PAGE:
The Early Church Fathers Were Historicist - Not Preterist or Futurist

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H. Grattan Guinness (regarded as "England's greatest Bible prophecy teacher") elaborates below on the following 8 points, followed by his comment on Futurism:

1. The Fathers interpreted the four beasts of Daniel as Babylon, MedoPersia, Greece, Rome
2. The Fathers believed the Ten Horns of Daniel and Revelation are the same
3. The Fathers interpreted the Apocalypse (Book of Revelation) via Historicism
4. The Fathers believed that Daniel, Paul, and John describe in different ways the same Antichrist power
5. The Fathers believed the "Restrainer" of 2 Thess. 2 was the Pagan Roman Empire, not an Agent of Holiness
6. The Fathers believed Rome's fall was and the emergence of Antichrist was imminent, not 2,000+ years later
7. The Fathers believed the Antichrist would rule over the fallen Roman Empire
8. The Fathers believed "Babylon" wasn't literal, but symbolic for Rome where they believed Antichrist sat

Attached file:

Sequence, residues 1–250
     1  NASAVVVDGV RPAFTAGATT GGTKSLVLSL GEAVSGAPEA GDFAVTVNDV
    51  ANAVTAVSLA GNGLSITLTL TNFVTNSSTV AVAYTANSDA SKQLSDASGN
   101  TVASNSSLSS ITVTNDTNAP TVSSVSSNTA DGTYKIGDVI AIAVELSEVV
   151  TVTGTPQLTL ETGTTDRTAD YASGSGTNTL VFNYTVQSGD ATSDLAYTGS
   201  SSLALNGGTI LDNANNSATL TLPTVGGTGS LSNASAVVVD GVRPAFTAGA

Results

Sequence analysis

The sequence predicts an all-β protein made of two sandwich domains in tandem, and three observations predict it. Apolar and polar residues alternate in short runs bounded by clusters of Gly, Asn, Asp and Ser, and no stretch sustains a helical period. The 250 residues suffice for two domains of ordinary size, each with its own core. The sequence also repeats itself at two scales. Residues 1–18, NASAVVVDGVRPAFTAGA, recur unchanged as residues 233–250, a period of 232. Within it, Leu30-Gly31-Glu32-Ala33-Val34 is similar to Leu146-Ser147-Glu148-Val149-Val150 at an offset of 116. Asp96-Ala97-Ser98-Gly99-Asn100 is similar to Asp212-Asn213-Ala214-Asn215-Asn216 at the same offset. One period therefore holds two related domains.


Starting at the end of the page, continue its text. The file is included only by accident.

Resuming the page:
1. The Fathers interpreted the four wild beasts of prophecy as representing the four empires, Babylon, Persia, Greece, and Rome.
Here we have the foundation of the historical interpretation of prophecy. Take as an instance the words of Hippolytus on the great image and four wild beasts of Daniel : ” The golden head of the image,” he says, “is identical with the lioness, by which the Babylonians were represented ; the shoulders and the arms of silver are the same with the bear, by which the Persians and Medes are meant ; the belly and thighs of brass are the leopard, by which the Greeks who ruled from Alexander onwards are intended ; the legs of iron are the dreadful and terrible beast, by which the Romans who hold the empire now are meant ; the toes of clay and iron are the ten horns which are to be;the one other little horn springing up in their midst is the antichrist ; the stone that smites the image and breaks it in pieces, and that filled the whole earth, is Christ, who comes from heaven and brings judgment on the world.” 1 This statement is remarkable for its clearness, correctness, and condensation, and expresses the view held still by the historic school.